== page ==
Genetic make-up impacts long-term effectiveness of phobia treatment

Researchers have discovered that variations in the efficacy of psychological treatment for phobias are associated with the serotonin transporter gene.

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A phobia is an excessive and persistent irrational fear of an object, activity, animal, or situation. It cannot be overcome without treatment and is typically managed by avoiding the trigger or enduring the anxiety that accompanies encounters with the trigger.

It may be possible to avoid specific fears, such as fear of heights (acrophobia), however, avoidance is more difficult if the phobia is more generalised, such as a fear of public spaces (agoraphobia), and sufferers may need to alter their lives drastically in order to avoid triggers.

Exposure to the trigger can elicit distressing physical symptoms of anxiety, including palpitations, sweating, dizziness, and nausea. Consequently, people with a phobia are keen to avoid the trigger wherever possible and phobias often dictate the type of employment and social activities a person undertakes, the route taken to particular destinations, and their home environment.

Fear treatment usually includes some type of psychotherapy, such as cognitive behavioural therapy to desensitize the patient from the trigger of a phobia through controlled exposure.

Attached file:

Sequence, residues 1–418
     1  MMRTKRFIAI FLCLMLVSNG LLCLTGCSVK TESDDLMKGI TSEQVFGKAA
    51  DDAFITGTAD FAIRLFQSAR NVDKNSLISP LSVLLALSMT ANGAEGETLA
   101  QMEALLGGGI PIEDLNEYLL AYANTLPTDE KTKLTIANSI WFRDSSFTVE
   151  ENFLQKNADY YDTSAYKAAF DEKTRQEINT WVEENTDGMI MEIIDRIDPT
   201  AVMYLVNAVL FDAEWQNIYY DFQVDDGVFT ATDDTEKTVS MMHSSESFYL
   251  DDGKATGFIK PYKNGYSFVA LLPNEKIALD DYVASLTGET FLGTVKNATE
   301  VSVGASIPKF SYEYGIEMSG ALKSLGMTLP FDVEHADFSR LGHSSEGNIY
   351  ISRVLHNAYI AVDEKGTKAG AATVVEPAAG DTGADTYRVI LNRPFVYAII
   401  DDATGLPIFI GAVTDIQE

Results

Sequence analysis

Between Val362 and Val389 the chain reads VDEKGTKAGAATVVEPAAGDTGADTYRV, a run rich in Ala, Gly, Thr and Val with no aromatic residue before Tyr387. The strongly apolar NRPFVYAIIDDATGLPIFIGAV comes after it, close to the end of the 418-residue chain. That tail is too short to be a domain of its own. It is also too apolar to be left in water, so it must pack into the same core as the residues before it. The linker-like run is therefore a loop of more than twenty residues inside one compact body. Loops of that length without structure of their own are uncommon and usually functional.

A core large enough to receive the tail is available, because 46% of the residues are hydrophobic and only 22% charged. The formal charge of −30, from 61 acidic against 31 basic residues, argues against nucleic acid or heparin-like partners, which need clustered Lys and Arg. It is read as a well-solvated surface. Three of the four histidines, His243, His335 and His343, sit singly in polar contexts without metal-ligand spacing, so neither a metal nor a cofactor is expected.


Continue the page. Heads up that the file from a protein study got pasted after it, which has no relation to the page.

The research published this week reports a genetic link to the success of psychological treatment for fear. The study assessed the effect of serotonin transporter genotype on the outcome of fear treatment.

Over 200 adults with a specific phobia who were not receiving medication were recruited. The things of which the participants were highly fearful included spiders, dental surgeries, blood, and injections.

Each participant underwent a single exposure-based treatment session and was genotyped for the serotonin transporter gene. The level of subjective fear to the identified trigger was assessed before the session, immediately afterwards and again 7 months later.

The immediate effectiveness of the treatment did not differ by serotonin transporter genotype. However, at the 7-month assessment there was a significant difference in fear levels according to genotype.

Individuals who were homozygous for the L allele experienced a further decrease in fear levels, whereas carriers of the homozygous S allele displayed a strong return of fear.

The researchers concluded that genetic variation of the serotonin transporter gene is associated with differential stability of inhibitory learning processes, which heightens susceptibility to context-related processes.

Further studies are required to confirm these findings, but the scientists suggest that serotonin transporter genotype could provide a biomarker for the long-term outcome of brief exposure-based fear treatments. It may also be used for  genotype-based tailoring of psychotherapeutic interventions (personalized medicine).

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